There are many analysts that think the Nasdaq Composite and Nasdaq 100 have a lot of upside potential since the previous highs were 4,900 and 4,600, respectively. Unfortunately, with the constant addition and subtraction of companies in the index, the Nasdaq Composite and top 100 may be mired at the current levels for some time to come.
We have outlined our thesis on the negative impact of adding and deleting companies to an index in our article titled “Dow Jones' Decline Largely Impacted by Index Changes.” We believe that this explains why the decline from 1929-32 was so deep and the subsequent rise to break even from 1932-54 took so long (article here). This was followed up with our article that highlighted the fact that recovery from the 1932 low was much quicker than the Dow Jones Industrial Index reflected in an article titled “Recovery From 1929 Crash Was Quicker Than Most People Think” (found here). A similar phenomenon of underperformance due to frequent changes with overvalued stocks is being experienced in the Nasdaq Composite and Nasdaq 100 index.
2011 Additions and Deletions Performance Review
In 2011, there were five companies added and five companies dropped (found here) to/from the Nasdaq 100 Index. The following is the 1-year performance of those companies.
|Symbol||Name of companies added||2011||2012||% change|
|MNST||Monster Bev. (prev. Hansen Nat.)||48.57||53.38||9.90%|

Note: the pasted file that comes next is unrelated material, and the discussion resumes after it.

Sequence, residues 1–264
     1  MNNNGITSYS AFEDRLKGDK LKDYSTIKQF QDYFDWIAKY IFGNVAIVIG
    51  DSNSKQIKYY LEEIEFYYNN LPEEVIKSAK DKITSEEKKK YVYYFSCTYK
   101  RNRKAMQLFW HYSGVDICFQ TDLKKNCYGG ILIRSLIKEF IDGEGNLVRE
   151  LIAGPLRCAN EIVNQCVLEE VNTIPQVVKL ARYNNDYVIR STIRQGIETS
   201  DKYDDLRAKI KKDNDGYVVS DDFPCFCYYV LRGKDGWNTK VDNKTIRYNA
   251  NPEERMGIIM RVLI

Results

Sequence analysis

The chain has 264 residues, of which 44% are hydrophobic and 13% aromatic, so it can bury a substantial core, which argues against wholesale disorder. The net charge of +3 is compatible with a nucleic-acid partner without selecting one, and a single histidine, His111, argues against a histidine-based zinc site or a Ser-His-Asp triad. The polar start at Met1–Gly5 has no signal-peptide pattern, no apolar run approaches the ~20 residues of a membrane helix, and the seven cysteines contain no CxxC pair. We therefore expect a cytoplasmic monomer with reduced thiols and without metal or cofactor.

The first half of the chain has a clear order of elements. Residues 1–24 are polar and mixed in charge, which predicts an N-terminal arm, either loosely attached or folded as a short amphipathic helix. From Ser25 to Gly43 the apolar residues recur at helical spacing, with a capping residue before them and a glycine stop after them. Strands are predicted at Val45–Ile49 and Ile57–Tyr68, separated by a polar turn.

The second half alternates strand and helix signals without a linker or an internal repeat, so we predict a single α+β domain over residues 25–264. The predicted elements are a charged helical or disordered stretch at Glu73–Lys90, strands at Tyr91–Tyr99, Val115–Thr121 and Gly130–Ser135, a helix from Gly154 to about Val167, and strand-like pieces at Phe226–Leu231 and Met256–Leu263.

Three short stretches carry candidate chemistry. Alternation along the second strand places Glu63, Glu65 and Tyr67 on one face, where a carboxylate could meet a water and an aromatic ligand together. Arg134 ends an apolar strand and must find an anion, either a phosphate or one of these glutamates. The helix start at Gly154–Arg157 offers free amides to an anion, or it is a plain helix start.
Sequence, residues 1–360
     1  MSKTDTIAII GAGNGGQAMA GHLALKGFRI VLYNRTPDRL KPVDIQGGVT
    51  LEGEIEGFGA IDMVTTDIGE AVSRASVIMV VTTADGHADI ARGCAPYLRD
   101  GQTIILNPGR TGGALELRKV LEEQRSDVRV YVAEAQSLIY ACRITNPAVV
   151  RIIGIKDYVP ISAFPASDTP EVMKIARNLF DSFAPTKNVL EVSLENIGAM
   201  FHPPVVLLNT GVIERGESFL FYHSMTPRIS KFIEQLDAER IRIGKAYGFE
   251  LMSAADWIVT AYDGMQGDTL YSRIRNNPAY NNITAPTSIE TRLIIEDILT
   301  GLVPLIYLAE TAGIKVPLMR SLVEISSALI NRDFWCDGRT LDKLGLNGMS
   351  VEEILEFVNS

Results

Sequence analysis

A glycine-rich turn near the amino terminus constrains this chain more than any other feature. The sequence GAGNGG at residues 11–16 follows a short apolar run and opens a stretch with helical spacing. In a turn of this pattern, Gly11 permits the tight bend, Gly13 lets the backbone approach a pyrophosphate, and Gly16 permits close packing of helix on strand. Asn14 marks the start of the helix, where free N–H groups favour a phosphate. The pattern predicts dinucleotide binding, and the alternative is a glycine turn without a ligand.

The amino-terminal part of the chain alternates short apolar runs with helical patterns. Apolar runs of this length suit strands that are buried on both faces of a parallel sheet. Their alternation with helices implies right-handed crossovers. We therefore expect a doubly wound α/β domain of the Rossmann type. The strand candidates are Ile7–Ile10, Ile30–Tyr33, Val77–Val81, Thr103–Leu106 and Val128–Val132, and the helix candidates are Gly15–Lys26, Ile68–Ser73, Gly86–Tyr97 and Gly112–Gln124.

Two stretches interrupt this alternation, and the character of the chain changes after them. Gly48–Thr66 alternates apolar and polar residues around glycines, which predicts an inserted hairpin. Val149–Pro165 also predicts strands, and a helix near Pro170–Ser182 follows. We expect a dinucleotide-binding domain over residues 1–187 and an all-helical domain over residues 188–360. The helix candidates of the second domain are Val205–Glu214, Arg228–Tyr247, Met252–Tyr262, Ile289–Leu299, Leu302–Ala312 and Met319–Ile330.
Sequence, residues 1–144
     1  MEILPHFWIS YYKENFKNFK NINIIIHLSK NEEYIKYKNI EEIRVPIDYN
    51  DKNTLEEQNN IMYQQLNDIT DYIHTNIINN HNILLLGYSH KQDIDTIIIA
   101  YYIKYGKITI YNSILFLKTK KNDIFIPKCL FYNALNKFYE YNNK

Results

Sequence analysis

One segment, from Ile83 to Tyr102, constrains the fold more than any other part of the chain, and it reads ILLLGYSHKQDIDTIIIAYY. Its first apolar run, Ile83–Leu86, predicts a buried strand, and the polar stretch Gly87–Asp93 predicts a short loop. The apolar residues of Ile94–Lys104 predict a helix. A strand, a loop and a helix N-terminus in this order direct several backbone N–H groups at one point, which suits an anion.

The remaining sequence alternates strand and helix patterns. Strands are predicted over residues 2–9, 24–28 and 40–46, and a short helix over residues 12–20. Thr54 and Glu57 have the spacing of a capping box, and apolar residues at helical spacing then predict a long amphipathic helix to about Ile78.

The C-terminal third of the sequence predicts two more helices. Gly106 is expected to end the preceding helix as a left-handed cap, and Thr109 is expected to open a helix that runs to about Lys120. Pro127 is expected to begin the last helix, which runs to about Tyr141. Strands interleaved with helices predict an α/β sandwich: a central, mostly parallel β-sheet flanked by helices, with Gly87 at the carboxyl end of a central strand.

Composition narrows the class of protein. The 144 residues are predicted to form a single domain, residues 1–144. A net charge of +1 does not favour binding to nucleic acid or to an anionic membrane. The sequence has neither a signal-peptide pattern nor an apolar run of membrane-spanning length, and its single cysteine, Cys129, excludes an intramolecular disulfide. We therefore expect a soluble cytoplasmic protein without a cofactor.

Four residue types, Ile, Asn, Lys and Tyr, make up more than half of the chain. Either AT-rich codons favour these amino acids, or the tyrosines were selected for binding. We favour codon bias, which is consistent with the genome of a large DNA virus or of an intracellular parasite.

|Average change for companies added to Nasdaq 100 index:||-0.51%|
|Symbol||Name of companies dropped||2011||2012||% change|
|FLIR||FLIR Systems, Inc.||25.67||20.36||-20.69%|
|NIHD||NII Holdings Inc.||20.23||6.32||-68.76%|
|URBN||Urban Outfitters Inc.||26.34||38.6||46.55%|
|Average change for companies dropped from Nasdaq 100 index:||12.08%|
As was the case in last year’s changes to the 2010 Nasdaq 100, the stocks that were added could not exceed the returns of the stocks that were dropped from the index. In the period from 2010 to 2011, the companies that were added lost –15.58% while the companies that were dropped lost “only” –3.45%. Among the companies added to the index last year, based on our analysis of previous trends, we had said the following of Monster Beverage (formerly Hansen Natural):
“We believe that the recent re-introduction of Hansen Natural (HANS) will be among the top performing stocks at the time of the next re-ranking of the Nasdaq 100.”